Jan. 30, 2013 – Burying of Black History and Exhibit Images

I spent an inordinate amount of time this week looking at the numbers of books and articles written about blacks in different time periods.  It was frustrating because I couldn’t replicate earlier searches that I’d done.  Also, using consistent search terms, in order to ensure that I’m ‘comparing apples with apples’ doesn’t make sense.  While in the 20th century, I could search for ‘blacks’ or ‘coloured’ or ‘colored’ or ‘african american’, these terms wouldn’t find any matches in the 18th century.  There is also the problem of searching for words in French, which I also did.  Then there is the issue of what is considered ‘history.’  If I include the word ‘history’ in a 20th century search, that might well turn up documents about black history.  But in the 18th century, black history was not a subject, so writings about blacks tended to be reports and news articles.  All that to say that, eventually, to make my point, I did what most students would do and quoted an expert on black history saying that black history has been buried.  I’m sure this would be a worthy subject to pursue – confirming the absence or ‘burying’ of black history – but it is not the main subject of my present study.

As planned, I have now gone back to my exhibit.  I’ve got a plan for my exhibit structure.  I spent quite a bit of time looking for images and now have a fairly good selection.  They represent the 1700s, 1800s and early 1900s.  They also represent British Columbia, Alberta, Ontario, Quebec and Nova Scotia.  And they represent various migration patterns, including blacks who came from Portugal, Jamaica, and the United States, both free and slave, and those who were brought by others and those who escaped and came on their own.  I also have different kinds of materials, including text documents, maps, paintings and photographs – and word clouds.  All up, there are 18 items.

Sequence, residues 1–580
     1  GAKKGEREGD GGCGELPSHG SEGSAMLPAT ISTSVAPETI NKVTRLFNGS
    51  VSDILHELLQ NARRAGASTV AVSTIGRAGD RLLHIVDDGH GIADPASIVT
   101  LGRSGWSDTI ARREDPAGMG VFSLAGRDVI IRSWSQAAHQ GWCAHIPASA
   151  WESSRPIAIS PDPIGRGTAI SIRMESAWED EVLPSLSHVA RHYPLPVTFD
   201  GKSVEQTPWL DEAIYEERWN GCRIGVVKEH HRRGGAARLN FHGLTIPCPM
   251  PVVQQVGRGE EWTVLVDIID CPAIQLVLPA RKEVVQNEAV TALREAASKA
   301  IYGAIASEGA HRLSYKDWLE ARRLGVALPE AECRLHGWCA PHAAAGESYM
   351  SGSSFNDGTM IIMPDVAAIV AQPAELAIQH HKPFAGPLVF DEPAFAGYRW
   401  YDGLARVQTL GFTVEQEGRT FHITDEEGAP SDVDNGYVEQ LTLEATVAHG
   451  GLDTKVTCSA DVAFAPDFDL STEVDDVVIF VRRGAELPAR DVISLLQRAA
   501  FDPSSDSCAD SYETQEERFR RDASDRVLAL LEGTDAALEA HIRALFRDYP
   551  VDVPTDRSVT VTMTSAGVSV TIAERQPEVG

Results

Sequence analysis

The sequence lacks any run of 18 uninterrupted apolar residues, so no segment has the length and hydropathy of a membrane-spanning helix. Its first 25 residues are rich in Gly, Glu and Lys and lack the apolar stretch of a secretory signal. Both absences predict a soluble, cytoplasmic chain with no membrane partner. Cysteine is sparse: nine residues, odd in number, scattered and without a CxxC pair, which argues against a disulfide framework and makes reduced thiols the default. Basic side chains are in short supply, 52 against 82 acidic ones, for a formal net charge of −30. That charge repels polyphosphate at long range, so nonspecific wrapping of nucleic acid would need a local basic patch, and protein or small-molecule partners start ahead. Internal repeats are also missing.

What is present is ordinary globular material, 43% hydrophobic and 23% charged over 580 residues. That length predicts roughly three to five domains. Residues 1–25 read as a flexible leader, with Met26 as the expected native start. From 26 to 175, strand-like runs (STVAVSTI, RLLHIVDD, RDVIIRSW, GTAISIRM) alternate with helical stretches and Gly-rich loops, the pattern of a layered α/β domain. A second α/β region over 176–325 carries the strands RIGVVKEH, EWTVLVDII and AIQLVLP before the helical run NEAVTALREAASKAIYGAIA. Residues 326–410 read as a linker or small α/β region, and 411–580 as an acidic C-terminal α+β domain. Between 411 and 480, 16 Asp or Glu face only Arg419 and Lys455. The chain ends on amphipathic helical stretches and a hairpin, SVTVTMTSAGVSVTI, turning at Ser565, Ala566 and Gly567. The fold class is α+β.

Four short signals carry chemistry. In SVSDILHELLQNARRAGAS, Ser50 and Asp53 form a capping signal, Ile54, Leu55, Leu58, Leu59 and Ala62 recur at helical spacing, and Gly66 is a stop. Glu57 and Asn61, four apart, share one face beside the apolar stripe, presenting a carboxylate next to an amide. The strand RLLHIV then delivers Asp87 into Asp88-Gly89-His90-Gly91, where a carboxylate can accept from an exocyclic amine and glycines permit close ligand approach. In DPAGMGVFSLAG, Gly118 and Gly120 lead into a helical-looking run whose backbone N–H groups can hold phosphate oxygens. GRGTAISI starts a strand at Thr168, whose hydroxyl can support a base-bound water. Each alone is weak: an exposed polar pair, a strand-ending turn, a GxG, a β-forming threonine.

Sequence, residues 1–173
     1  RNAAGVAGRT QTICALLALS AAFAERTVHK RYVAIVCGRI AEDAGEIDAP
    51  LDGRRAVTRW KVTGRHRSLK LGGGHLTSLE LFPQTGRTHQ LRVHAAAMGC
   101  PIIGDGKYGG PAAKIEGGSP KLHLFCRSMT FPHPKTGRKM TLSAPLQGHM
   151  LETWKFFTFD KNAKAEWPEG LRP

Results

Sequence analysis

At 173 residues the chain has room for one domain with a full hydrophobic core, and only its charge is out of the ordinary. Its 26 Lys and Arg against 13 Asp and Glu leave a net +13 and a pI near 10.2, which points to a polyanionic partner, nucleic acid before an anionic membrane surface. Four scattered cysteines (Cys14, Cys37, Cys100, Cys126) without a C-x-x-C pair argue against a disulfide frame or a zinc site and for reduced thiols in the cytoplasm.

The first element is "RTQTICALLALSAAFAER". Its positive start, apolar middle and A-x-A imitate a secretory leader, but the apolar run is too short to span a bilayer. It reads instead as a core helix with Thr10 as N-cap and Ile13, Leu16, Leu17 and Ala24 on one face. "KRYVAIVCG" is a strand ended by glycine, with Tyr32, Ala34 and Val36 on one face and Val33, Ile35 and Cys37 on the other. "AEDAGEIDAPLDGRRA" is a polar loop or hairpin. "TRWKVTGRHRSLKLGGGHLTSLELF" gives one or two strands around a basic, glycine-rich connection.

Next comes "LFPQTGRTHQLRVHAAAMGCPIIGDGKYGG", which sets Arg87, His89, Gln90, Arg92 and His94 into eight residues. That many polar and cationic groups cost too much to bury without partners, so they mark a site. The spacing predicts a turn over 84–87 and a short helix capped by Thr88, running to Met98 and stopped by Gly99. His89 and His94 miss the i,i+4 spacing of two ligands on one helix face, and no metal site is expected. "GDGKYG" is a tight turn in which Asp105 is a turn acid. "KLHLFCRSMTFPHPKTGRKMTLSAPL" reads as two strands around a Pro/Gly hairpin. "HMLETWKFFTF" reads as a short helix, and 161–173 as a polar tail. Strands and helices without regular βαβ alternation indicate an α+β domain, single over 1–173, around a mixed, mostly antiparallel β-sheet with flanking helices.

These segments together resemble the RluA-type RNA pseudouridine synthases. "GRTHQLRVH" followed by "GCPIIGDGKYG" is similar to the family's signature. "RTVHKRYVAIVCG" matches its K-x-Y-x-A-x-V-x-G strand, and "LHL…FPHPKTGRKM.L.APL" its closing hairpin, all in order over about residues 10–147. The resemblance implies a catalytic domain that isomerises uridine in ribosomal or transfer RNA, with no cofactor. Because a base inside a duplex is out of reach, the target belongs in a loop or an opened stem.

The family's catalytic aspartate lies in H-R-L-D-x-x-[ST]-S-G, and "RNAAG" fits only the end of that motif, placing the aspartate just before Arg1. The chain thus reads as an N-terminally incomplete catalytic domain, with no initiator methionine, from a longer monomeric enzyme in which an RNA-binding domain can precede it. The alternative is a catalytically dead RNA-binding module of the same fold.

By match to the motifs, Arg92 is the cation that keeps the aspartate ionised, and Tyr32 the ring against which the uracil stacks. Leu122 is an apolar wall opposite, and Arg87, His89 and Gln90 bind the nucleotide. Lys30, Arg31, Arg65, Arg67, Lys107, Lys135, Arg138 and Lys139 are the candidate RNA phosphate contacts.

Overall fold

So far, my earliest artifact is dated 1734.  I would love to get something from the 1600s and will spend time this week looking for that.  I also presently only have three from the 1900s, and there are lots to choose from, so I may pull in a few from that period.  But first I need to think about what kind of message I’m trying to send with the 20th century images.  I also want to spend some time on the essay, if I can.



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2 responses to “Jan. 30, 2013 – Burying of Black History and Exhibit Images

  1. This looks like a fascinating project! I look forward to watching it develop, and seeing how you handle the question of “Canadian” history, especially at a time when there seems to be a lot of tension around what exactly is included in that (the new Canadian Museum of History is case in point!).

    Also, have you heard of Zotero? You might find it useful for saving searches and their results, which can come in handy when you’re trying to remember what terms were useful for searches within certain periods/disciplines.

    • Thanks for your reply and glad you are enjoying it. I am also building an online exhibit that will be coming out toward the end of March with content about Black history in Canada. And, yes, I’ve used Zotero a little. Thanks for your comment.

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